The transformative potential of role-playing games and the impact of women gamers, over the age of 35, to the gaming industry, are explored in this thesis. EA/BioWare games such as Sims 4, Star Wars: The Old Republic , and series such as Mass Effect and Dragon Age are featured since these games give women gamers the freedom to challenge hegemony through exploration of gender, race, and sexuality. Feminist standpoint theory, cyberfeminism, a pilot study, and analytical autoethnography are used as theoretical and methodological tools of analysis to answer the central question: How, in a male dominated industry, does gaming provide agency to women gamers? The development of identity and agency in over 2000 hours of gameplay, and the rationale behind creating 29 avatars are examined. Autoethnographic methods are used to analyze gameplay and subsequently compared to several studies including: a 2017 pilot study, Cherie Todd’s 2009 study of women gamers; Lina Eklund’s 2011 study of female World of Warcraft (WoW) players; and Nicolas Ducheneaut, Ming-Hui “Don” Wen, Nicholas Yee, and Greg Wadley’s 2009 study of avatar personalization in three virtual worlds. More specifically, greater understanding of how playing video games impacts a woman’s life to challenge the assumption that cyberspace and gaming is a White, male-only domain is demonstrated. Free from the real-world confines of hegemony, this thesis demonstrated how role-playing gameplay facilitates the expression of self-identity, thus, benefitting women gamers long after they leave cyberspace.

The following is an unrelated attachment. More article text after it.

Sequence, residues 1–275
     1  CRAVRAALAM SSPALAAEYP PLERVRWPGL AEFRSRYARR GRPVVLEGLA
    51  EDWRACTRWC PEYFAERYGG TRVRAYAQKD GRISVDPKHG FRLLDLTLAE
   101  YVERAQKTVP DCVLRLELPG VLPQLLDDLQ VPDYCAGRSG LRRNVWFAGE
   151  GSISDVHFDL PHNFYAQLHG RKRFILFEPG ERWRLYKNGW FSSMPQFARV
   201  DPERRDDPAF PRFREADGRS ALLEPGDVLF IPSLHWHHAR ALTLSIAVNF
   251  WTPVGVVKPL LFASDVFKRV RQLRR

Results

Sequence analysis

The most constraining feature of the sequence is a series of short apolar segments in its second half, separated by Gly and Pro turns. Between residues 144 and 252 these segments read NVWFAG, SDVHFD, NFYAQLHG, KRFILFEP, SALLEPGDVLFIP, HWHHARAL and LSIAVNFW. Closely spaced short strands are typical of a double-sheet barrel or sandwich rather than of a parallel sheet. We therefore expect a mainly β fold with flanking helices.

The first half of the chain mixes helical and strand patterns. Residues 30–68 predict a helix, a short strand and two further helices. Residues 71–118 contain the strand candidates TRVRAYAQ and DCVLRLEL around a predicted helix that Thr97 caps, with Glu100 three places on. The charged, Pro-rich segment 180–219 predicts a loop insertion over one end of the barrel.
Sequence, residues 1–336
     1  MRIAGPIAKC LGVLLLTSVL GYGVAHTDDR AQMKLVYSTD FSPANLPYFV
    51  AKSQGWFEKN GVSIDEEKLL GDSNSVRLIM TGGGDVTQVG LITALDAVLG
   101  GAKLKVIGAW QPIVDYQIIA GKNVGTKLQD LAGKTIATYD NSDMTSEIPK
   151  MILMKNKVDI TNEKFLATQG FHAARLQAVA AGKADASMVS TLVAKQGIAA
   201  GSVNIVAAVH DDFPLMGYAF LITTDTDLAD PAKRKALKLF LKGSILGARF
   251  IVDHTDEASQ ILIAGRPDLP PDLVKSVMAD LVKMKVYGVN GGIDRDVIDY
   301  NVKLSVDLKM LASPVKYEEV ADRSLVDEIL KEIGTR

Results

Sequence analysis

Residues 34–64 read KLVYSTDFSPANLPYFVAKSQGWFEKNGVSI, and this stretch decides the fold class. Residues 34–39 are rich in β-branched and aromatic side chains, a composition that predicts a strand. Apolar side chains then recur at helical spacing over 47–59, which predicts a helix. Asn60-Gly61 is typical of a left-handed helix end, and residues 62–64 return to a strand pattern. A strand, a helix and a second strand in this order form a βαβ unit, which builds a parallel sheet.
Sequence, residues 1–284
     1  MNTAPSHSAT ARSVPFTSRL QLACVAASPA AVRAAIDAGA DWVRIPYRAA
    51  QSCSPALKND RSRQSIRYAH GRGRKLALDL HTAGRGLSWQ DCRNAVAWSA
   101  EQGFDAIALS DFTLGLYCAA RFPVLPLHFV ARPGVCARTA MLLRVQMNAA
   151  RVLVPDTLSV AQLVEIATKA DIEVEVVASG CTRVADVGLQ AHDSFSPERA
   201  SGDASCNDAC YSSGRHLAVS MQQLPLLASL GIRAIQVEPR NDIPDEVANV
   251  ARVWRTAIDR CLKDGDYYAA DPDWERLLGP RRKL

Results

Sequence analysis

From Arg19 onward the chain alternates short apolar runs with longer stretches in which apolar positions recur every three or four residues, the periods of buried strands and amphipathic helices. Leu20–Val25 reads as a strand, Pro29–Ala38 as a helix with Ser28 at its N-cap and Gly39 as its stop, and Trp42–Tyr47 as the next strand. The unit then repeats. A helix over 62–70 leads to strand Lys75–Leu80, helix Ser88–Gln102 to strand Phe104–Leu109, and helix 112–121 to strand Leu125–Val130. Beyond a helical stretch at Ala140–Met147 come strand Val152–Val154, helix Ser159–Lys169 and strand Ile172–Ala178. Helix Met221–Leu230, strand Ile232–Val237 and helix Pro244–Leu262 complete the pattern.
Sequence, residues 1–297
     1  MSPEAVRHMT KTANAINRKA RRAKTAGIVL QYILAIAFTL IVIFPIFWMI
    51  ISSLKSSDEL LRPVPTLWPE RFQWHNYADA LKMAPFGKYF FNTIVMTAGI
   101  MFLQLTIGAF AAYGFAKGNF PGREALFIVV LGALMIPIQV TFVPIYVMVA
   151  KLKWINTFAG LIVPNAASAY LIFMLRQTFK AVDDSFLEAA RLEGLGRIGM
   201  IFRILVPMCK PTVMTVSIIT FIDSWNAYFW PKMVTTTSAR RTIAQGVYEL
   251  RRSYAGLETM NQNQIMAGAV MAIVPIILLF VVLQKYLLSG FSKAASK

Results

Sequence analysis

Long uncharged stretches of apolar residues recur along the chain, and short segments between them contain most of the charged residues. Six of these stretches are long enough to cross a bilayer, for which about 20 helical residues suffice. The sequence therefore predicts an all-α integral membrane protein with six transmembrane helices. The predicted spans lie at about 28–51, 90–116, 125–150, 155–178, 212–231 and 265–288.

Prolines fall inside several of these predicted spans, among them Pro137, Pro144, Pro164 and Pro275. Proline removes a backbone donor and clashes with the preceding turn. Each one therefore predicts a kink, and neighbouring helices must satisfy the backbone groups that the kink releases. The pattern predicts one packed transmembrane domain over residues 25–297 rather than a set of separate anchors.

|Advisor:||Patton, Tracey O.|
|Commitee:||Brown, Michael, Small, Nancy R.|
|School:||University of Wyoming|
|Department:||Communication & Journalism|
|School Location:||United States -- Wyoming|
|Source:||MAI 58/02M(E), Masters Abstracts International|
|Subjects:||Womens studies, Communication, Rhetoric|
|Keywords:||Agency, Identity, Role-playing games, Transformation, Video games, Women|
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